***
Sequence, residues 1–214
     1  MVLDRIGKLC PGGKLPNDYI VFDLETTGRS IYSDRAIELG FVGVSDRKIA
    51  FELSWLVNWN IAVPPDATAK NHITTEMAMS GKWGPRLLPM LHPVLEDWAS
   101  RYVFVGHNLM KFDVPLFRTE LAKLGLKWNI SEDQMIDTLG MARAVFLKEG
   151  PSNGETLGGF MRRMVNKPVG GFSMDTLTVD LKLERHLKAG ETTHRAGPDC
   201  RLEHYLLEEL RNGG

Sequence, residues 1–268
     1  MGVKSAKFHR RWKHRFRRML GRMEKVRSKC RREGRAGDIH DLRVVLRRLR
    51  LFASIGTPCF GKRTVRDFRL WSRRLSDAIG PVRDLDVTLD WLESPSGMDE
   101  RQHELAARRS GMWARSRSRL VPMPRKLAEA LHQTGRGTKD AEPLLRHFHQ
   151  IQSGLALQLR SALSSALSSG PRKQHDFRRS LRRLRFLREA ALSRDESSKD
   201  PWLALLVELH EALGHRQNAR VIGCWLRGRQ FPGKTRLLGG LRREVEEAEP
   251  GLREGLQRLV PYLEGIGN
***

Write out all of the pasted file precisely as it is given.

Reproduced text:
Sequence, residues 1–214
     1  MVLDRIGKLC PGGKLPNDYI VFDLETTGRS IYSDRAIELG FVGVSDRKIA
    51  FELSWLVNWN IAVPPDATAK NHITTEMAMS GKWGPRLLPM LHPVLEDWAS
   101  RYVFVGHNLM KFDVPLFRTE LAKLGLKWNI SEDQMIDTLG MARAVFLKEG
   151  PSNGETLGGF MRRMVNKPVG GFSMDTLTVD LKLERHLKAG ETTHRAGPDC
   201  RLEHYLLEEL RNGG

Sequence, residues 1–268
     1  MGVKSAKFHR RWKHRFRRML GRMEKVRSKC RREGRAGDIH DLRVVLRRLR
    51  LFASIGTPCF GKRTVRDFRL WSRRLSDAIG PVRDLDVTLD WLESPSGMDE
   101  RQHELAARRS GMWARSRSRL VPMPRKLAEA LHQTGRGTKD AEPLLRHFHQ
   151  IQSGLALQLR SALSSALSSG PRKQHDFRRS LRRLRFLREA ALSRDESSKD
   201  PWLALLVELH EALGHRQNAR VIGCWLRGRQ FPGKTRLLGG LRREVEEAEP
   251  GLREGLQRLV PYLEGIGN